MadLintElf t1_iuio7is wrote

And boy do we love to exploit gaps in the law since people are making money and other people are being misled at the least and seriously harmed at the worst.

Here in NYC I've been hit by two e-bikes in the last 3 years. Both times they were on the sidewalk at night, no lights and I was hit from behind.


MadLintElf t1_iuinyjm wrote

The one's at work are Lithium Polymer, we need the energy density for the devices. That being said I'm glad we went with them based on the track record.

We did have an option for cheaper batteries, but the company wouldn't provide a warranty since we would be buying from another manufacturer that only covered replacements. They specifically had in the documentation that they were not responsible for overcharging the batteries or battery failure damages.


MadLintElf t1_iuf1lzo wrote

Ever watch Jerry Rig Everything on Youtube, Zack does a teardown of a Rivian truck's battery pack. All compartmentalized, big honking blocks of batteries with cooling components.

It's a lot more doable than you think.

As for putting them in the frame, it sounds good but would still have to reside in the lower portion to keep the center of gravity proper.


MadLintElf t1_iuf0oiw wrote

At my hospital we use lion batteries for mobile cart computers. In the last 10 years we only had one go bad on us. These batteries run a computer/monitor for 8 hours at a time and cost around 1K USD.

When that battery went the housing split and out of a pinhole smoke shot out, thankfully no flames. We put it in a metal bin, put the bin in a cinderblock walled stairwell and let the fire department handle it. But thankfully no cascade failure.


MadLintElf t1_iuf09oc wrote

Rivan does it with there vehicle batteries, Tesla does it as well. At my hospital we use mobius batteries, they last 8 hours but I've seen them disassembled and they are just a bunch of separate batteries.

It is more costly, but like the mobiuis battery I mentioned above, when one battery goes it's just one battery, a bit of smoke and that's it. The crappy one's do have bad soldering and nothing to keep that cascade from happening.


MadLintElf t1_iuej3aw wrote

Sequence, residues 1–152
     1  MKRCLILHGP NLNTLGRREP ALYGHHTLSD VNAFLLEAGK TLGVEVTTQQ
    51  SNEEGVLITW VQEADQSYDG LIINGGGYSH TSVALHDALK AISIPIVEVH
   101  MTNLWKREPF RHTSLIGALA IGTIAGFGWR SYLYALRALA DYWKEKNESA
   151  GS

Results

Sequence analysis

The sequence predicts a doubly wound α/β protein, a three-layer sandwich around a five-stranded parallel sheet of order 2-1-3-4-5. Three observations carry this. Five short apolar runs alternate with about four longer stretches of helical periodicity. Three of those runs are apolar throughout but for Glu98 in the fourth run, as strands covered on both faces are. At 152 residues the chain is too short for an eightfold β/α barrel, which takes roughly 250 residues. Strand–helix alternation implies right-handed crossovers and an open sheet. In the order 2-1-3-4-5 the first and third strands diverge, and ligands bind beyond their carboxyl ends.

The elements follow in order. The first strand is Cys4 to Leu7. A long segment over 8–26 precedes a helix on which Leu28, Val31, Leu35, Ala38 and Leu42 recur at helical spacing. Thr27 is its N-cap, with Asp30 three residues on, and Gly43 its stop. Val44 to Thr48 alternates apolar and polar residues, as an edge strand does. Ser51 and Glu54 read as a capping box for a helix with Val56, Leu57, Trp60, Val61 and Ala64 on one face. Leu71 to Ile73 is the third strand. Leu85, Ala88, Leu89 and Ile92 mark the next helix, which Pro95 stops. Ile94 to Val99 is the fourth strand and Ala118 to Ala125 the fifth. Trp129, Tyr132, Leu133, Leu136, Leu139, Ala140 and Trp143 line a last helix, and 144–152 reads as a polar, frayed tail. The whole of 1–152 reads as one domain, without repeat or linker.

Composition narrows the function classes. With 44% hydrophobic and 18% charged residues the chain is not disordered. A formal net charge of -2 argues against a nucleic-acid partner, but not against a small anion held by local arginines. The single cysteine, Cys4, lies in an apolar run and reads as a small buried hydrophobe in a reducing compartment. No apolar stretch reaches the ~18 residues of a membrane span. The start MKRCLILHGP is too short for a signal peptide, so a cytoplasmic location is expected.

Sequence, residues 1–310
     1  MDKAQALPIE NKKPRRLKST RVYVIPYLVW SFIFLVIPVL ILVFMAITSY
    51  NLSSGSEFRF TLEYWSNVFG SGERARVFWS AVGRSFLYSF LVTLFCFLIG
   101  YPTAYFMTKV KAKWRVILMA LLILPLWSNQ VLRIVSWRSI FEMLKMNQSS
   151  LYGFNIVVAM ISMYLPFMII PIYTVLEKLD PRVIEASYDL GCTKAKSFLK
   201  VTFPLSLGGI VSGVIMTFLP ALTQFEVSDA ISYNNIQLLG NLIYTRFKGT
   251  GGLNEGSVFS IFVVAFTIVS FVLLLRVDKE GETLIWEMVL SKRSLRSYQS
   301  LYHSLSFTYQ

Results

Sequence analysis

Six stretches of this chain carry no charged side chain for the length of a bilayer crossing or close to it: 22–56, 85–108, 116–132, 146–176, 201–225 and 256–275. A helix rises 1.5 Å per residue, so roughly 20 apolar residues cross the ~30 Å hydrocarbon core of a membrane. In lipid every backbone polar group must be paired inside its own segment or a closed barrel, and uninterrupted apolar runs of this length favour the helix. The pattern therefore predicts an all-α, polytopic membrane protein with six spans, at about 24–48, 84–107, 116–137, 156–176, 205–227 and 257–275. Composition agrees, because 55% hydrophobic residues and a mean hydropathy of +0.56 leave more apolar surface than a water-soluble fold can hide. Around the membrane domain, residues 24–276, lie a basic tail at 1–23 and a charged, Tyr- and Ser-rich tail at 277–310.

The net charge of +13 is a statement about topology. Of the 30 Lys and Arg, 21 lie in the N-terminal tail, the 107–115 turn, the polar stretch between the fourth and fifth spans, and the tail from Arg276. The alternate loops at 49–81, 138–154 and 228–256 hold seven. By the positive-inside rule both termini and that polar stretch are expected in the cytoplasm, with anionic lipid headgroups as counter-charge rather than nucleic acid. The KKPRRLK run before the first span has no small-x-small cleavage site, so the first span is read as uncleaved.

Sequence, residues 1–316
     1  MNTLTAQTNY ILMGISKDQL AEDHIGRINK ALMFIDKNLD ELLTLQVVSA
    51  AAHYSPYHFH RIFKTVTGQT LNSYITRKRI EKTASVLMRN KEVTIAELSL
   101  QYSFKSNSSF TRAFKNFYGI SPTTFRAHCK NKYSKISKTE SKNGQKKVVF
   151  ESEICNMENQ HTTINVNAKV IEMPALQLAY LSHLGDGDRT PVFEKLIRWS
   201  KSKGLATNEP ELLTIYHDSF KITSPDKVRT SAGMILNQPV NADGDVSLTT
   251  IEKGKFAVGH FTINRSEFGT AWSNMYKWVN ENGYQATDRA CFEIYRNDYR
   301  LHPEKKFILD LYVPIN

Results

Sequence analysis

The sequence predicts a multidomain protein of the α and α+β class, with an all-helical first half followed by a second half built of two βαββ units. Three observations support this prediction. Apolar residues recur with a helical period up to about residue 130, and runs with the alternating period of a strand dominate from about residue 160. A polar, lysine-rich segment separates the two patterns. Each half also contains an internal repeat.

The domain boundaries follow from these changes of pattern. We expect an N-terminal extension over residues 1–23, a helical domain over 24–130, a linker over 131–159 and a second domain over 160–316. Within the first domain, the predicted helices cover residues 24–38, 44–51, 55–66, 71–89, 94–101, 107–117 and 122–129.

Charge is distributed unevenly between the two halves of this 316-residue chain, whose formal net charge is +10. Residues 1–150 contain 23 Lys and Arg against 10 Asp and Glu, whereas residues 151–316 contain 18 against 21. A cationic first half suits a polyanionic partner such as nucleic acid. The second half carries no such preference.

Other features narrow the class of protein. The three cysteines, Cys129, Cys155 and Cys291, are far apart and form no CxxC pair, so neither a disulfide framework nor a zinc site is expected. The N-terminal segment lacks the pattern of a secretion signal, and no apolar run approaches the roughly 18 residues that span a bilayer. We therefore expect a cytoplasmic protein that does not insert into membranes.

I've lived in NYC for over 50 years. I try to only use glass bottles and containers to store everything and everything I buy comes in plastic that can't be recycled because it's cheaper to sell that way.

Thankfully we have ethnic markets, and you bring you own bag. Bulk rice, beans, fruits, dried good, etc. I'd rather recycle a glass bottle and brown paper bags than toss plastic into a landfill.

But you are right, the manufacturers have zero incentive to sell things that last. Heck I have an old black and white TV that is older than I am and still works. Can't tell you how many LCD tv's we have tossed over the years.

I keep saying our garbage dumps will be the mines that our future generations will be digging though. If we don't become sustainable we'll drown in our own crap and nothing will be left for future generations.


MadLintElf t1_iueckso wrote

When you want an electric scooter and don't have a lot of money it seems like a good deal. Yes the lower price should be a dead giveaway, but these batteries should be regulated and not allowed to be sold due to them being improperly manufactured.

We made our neighbor keep the charger and battery in a concrete garage for charging. At first they were offended, but we explained and showed them the video's and yeah they had no problem after that.


MadLintElf t1_iuec6u4 wrote

So many of the batteries are manufactured on the cheap. They are not compartmentalized and cause a chain reaction that results in catastrophic failure.

Those types of batteries need to be banned, I have shops in my neighborhood and looking at the batteries you can't just tell. Best to pay more money from a reputable dealer and of course don't mismatch chargers.